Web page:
Renal insufficiency and subsequent death resulting from cardiovascular disease in the United States.J Am Soc Nephrol. 2002 Mar; 13(3):745-753.JA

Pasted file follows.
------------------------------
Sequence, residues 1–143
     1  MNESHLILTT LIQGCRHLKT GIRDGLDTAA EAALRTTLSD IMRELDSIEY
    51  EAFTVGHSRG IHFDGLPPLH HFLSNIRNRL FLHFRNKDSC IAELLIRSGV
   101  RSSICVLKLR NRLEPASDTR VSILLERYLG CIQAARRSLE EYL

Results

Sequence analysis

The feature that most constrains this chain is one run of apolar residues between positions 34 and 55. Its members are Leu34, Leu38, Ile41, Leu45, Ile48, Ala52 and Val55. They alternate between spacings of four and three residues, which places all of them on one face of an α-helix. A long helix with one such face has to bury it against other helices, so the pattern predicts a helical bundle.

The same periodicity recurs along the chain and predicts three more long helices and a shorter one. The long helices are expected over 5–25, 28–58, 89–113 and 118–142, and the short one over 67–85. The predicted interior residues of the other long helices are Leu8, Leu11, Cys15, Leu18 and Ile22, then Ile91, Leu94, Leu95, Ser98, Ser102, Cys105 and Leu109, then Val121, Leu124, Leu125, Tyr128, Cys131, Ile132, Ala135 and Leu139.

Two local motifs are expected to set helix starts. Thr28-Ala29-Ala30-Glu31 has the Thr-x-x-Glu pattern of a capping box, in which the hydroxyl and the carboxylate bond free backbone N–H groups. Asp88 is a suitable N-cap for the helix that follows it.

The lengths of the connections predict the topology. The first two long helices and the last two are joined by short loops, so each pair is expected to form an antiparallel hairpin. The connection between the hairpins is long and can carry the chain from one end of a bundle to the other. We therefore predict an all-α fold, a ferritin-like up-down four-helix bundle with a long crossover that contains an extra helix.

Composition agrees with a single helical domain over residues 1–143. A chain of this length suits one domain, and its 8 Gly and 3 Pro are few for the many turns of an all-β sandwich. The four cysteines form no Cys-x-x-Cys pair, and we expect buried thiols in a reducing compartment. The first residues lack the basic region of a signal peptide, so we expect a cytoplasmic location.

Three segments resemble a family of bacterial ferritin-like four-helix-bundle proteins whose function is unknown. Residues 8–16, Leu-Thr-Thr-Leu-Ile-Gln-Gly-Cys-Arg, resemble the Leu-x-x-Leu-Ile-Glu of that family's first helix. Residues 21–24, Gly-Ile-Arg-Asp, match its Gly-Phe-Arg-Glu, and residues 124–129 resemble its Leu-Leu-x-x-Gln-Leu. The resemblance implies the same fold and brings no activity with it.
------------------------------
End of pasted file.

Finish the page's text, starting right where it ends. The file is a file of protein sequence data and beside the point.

Several epidemiologic studies reported that persons with renal insufficiency might have increased cardiovascular disease-related mortality rates in select populations. The association between renal insufficiency and increased cardiovascular disease-related and all-cause mortality rates during 16 yr of follow-up monitoring was examined among participants who were 30 to 74 yr of age at the baseline examinations in 1976 to 1980, with urinary protein dipstick measurements (n = 8786) or serum creatinine levels of <or=3.0 mg/dl (n = 6354), from the Second National Health and Nutrition Examination Survey Mortality Study. GFR were estimated by adjusting serum creatinine levels for age, race, and gender, using the Modification of Diet in Renal Disease formula. Cardiovascular disease-related mortality rates were 6.2, 17.9, and 37.2 deaths/1000 person-yr among subjects with urinary protein levels of <30, 30 to 299, and >or=300 mg/dl and were 4.1, 8.6, and 20.5 deaths/1000 person-yr among participants with estimated GFR of >or=90, 70 to 89, and <70 ml/min, respectively. After adjustment for potential confounders, the relative hazards (and 95% confidence intervals) for cardiovascular disease-related death were 1.57 (0.99 to 2.48) and 1.77 (0.97 to 3.21) among subjects with urinary protein levels of 30 to 299 and >or=300 mg/dl, respectively, compared with <30 mg/dl (P trend = 0.02). The corresponding relative hazards for all-cause-related death were 1.64 (1.23 to 2.18) and 2.00 (1.13 to 3.55; P trend < 0.001). Compared with subjects with estimated GFR of >or=90 ml/min, those with estimated GFR of <70 ml/min exhibited higher relative risks of death from cardiovascular disease and all causes [1.68 (1.33 to 2.13) and 1.51 (1.19 to 1.91), respectively]. This study indicates that, in a representative sample of the United States general population, renal insufficiency is independently associated with increased cardiovascular disease-related and all-cause mortality rates.